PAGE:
by Hassan Rouhani the president of Iran.
Three months ago, my platform of “prudence and hope” gained a broad, popular mandate. Iranians embraced my approach to domestic and international affairs because they saw it as long overdue. I’m committed to fulfilling my promises to my people, including my pledge to engage in constructive interaction with the world.
The world has changed. International politics is no longer a zero-sum game but a multi-dimensional arena where cooperation and competition often occur simultaneously. Gone is the age of blood feuds. World leaders are expected to lead in turning threats into opportunities.
The international community faces many challenges in this new world — terrorism, extremism, foreign military interference, drug trafficking, cybercrime and cultural encroachment — all within a framework that has emphasized hard power and the use of brute force.
My approach to foreign policy seeks to resolve these issues by addressing their underlying causes. We must work together to end the unhealthy rivalries and interferences that fuel violence and drive us apart. We must also pay attention to the issue of identity as a key driver of tension in, and beyond, the Middle East.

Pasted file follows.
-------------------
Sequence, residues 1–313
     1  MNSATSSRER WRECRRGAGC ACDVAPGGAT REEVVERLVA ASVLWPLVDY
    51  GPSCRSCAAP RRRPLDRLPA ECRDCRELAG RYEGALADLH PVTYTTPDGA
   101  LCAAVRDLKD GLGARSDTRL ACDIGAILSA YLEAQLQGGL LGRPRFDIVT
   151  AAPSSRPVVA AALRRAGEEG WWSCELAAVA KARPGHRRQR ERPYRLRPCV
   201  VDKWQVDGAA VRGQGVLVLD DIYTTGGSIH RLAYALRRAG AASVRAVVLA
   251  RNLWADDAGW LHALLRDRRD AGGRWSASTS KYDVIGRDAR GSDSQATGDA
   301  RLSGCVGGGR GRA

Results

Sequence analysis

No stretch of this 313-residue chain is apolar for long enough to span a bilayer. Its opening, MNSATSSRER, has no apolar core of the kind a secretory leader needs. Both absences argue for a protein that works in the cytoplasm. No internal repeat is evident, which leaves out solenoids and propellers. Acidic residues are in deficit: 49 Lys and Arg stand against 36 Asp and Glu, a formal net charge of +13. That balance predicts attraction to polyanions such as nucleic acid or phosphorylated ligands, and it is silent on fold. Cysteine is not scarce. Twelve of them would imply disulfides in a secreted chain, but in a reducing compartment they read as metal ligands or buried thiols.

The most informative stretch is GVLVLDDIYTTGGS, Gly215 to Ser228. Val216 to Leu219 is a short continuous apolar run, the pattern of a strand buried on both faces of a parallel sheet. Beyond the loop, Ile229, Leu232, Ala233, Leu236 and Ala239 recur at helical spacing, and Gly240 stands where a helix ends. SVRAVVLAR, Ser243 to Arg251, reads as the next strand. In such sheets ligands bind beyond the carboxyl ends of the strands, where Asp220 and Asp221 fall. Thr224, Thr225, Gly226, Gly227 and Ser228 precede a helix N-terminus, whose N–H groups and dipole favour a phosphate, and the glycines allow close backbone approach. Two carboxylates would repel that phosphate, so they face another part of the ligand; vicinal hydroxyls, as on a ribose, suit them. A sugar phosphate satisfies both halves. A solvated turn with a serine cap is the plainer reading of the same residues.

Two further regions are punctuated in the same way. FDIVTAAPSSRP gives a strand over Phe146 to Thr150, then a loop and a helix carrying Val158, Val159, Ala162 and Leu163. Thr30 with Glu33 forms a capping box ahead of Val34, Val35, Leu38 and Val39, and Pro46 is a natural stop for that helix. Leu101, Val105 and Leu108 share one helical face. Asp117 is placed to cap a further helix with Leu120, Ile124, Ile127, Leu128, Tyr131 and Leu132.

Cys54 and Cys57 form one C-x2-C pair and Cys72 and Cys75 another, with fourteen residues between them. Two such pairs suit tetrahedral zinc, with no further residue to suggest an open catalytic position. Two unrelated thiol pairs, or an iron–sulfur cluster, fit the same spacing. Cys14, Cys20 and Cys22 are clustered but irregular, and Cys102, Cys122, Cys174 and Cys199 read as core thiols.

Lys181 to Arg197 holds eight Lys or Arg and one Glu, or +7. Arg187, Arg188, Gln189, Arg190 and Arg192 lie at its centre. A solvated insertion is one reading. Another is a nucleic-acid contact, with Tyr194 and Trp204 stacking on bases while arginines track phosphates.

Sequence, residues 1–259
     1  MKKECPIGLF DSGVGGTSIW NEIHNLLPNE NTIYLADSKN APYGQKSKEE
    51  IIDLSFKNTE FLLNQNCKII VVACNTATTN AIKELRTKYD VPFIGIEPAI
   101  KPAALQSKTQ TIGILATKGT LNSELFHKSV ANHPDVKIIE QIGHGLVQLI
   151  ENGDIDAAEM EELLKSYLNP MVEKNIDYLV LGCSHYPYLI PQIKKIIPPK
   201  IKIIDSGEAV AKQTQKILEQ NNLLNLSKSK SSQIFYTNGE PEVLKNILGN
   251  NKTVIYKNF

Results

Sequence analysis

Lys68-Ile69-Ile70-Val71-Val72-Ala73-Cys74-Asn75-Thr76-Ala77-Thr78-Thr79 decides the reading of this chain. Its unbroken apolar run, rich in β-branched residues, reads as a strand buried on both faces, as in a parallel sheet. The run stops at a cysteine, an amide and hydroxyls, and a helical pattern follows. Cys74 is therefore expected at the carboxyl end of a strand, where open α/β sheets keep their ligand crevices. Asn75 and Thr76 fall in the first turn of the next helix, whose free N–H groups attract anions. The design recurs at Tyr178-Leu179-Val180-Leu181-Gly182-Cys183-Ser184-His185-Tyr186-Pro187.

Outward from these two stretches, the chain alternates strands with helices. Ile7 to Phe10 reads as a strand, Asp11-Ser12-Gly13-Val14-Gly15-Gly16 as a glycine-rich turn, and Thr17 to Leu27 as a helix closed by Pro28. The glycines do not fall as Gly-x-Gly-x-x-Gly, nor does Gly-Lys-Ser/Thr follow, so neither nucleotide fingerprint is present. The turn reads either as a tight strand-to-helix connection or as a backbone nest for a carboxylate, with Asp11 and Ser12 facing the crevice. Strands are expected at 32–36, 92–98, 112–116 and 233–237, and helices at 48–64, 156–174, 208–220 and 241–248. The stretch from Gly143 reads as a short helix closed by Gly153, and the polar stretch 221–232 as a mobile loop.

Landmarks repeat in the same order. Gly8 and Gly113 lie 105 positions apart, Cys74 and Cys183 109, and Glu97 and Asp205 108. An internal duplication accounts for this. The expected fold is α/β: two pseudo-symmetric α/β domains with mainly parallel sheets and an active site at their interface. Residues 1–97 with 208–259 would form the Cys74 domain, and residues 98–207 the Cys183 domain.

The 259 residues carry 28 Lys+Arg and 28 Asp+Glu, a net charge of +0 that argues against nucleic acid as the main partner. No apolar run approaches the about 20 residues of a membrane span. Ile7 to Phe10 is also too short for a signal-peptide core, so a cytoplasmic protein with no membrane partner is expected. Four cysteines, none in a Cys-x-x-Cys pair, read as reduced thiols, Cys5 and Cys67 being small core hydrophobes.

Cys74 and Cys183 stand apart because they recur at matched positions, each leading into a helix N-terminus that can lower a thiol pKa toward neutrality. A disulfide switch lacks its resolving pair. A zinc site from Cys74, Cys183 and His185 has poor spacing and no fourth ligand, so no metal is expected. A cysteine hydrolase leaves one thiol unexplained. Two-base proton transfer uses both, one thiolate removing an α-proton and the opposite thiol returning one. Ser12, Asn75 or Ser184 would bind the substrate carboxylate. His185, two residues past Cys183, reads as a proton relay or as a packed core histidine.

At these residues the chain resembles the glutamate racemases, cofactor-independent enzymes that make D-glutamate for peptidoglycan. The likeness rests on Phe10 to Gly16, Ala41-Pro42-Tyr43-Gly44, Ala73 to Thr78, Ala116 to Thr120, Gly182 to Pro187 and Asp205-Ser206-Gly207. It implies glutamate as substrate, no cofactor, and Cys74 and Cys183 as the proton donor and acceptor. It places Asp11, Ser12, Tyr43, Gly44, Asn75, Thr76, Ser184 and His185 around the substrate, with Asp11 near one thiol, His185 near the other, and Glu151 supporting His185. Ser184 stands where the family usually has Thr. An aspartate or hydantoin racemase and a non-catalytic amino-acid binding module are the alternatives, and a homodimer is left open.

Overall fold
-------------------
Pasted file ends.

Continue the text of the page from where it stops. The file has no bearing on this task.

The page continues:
At their core, the vicious battles in Iraq, Afghanistan and Syria are over the nature of those countries’ identities and their consequent roles in our region and the world. The centrality of identity extends to the case of our peaceful nuclear energy program. To us, mastering the atomic fuel cycle and generating nuclear power is as much about diversifying our energy resources as it is about who Iranians are as a nation, our demand for dignity and respect and our consequent place in the world. Without comprehending the role of identity, many issues we all face will remain unresolved.
This approach can be useful for efforts to prevent cold conflicts from turning hot. But to move beyond impasses, whether in relation to Syria, my country’s nuclear program or its relations with the United States, we need to aim higher. Rather than focusing on how to prevent things from getting worse, we need to think — and talk — about how to make things better. To do that, we all need to muster the courage to start conveying what we want — clearly, concisely and sincerely — and to back it up with the political will to take necessary action. This is the essence of my approach to constructive interaction.
As I depart for New York for the opening of the U.N. General Assembly, I urge my counterparts to seize the opportunity presented by Iran’s recent election. I urge them to make the most of the mandate for prudent engagement that my people have given me and to respond genuinely to my government’s efforts to engage in constructive dialogue. Most of all, I urge them to look beyond the pines and be brave enough to tell me what they see — if not for their national interests, then for the sake of their legacies, and our children and future generations.
Retrieved from the Washington Post
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